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J Invest Dermatol. 2005 Aug;125(2):256-63.

Granulysin-derived peptides demonstrate antimicrobial and anti-inflammatory effects against Propionibacterium acnes.

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  • 1Division of Dermatology, Department of Medicine, David Geffen School of Medicine, University of California Los Angeles, Los Angeles, California 90095, USA.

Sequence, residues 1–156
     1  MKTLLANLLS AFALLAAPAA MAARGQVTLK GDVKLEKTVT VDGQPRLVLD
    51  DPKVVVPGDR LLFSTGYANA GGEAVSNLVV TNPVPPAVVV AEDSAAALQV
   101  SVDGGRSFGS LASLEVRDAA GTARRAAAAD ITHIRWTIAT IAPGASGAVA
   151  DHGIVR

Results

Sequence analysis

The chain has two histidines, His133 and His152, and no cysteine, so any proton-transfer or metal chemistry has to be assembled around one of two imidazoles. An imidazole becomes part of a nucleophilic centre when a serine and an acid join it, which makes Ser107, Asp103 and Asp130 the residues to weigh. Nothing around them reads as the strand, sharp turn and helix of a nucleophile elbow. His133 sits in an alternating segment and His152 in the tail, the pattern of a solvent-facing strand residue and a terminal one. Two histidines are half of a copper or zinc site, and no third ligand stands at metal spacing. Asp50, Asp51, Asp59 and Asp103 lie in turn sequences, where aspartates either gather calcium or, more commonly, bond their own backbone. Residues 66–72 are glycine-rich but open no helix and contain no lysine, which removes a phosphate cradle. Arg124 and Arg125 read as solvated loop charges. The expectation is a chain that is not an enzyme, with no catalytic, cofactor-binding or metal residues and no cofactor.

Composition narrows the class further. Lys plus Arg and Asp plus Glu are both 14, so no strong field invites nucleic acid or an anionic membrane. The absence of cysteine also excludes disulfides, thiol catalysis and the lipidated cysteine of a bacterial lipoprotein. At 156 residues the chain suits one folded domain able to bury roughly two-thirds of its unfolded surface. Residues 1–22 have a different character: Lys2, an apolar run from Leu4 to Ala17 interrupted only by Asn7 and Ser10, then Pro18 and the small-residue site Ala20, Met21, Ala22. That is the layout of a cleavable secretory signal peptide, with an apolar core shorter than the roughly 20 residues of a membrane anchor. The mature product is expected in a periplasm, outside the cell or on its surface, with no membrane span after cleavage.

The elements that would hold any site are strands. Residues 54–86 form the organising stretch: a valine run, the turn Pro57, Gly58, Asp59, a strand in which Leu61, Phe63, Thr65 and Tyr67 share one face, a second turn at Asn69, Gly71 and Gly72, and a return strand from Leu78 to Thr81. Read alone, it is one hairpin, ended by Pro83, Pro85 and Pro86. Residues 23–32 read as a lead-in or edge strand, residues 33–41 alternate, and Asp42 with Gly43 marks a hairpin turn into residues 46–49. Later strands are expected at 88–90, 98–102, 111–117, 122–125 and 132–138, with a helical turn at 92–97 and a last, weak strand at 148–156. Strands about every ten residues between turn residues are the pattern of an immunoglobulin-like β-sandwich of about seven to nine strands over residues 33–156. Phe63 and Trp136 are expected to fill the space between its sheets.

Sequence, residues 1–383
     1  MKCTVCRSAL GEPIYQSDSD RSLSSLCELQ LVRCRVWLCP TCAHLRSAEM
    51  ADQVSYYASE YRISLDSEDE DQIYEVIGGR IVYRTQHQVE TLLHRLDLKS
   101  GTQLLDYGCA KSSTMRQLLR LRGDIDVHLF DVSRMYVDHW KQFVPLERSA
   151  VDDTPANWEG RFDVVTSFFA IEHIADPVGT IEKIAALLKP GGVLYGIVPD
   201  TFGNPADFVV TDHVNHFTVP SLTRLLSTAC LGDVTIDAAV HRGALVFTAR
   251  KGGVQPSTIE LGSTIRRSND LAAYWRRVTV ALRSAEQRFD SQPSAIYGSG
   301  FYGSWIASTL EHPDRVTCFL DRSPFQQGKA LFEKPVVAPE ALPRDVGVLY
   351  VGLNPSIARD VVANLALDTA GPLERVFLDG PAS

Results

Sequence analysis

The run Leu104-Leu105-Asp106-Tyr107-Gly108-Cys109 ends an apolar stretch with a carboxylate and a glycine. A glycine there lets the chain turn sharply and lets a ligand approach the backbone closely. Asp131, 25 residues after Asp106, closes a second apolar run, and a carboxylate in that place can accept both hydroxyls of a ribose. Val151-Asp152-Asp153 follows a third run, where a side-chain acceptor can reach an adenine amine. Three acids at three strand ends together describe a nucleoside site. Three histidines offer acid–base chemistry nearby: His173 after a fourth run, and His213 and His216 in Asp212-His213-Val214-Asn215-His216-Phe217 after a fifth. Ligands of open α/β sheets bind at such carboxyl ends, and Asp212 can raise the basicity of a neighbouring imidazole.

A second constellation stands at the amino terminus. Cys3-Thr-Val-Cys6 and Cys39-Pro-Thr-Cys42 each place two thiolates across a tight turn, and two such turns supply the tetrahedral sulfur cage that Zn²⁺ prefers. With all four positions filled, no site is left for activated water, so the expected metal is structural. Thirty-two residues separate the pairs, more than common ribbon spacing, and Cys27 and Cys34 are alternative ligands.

Propionibacterium acnes is a key therapeutic target in acne, yet this bacterium has become resistant to standard antibiotic agents. We investigated whether the human antimicrobial protein granulysin is a potential candidate for the treatment of acne. Granulysin and synthetic granulysin-derived peptides possessing a helix-loop-helix motif killed P. acnes in vitro. Modification of a helix-loop-helix peptide, 31-50, by substitution of a tryptophan for the valine at amino acid 44 (peptide 31-50v44w) to increase its interaction with bacterial surfaces also increased its antimicrobial activity. Moreover, when synthesized with D- rather than L-type amino acids, this peptide (D-31-50v44w) became less susceptible to degradation by proteases and more effective in killing P. acnes. Granulysin peptides were bactericidal, demonstrating an advantage over standard bacteriostatic antibiotics in their control of P. acnes. Moreover, peptide D-31-50v44w killed P. acnes in isolated human microcomedone preparations. Importantly, peptides 31-50, 31-50v44w, and D-31-50v44w also have potential anti-inflammatory effects, as demonstrated by suppression of P. acnes-stimulated cytokine release. Taken together, these data suggest that granulysin peptides may be useful as topical therapeutic agents, providing alternatives to current acne therapies.

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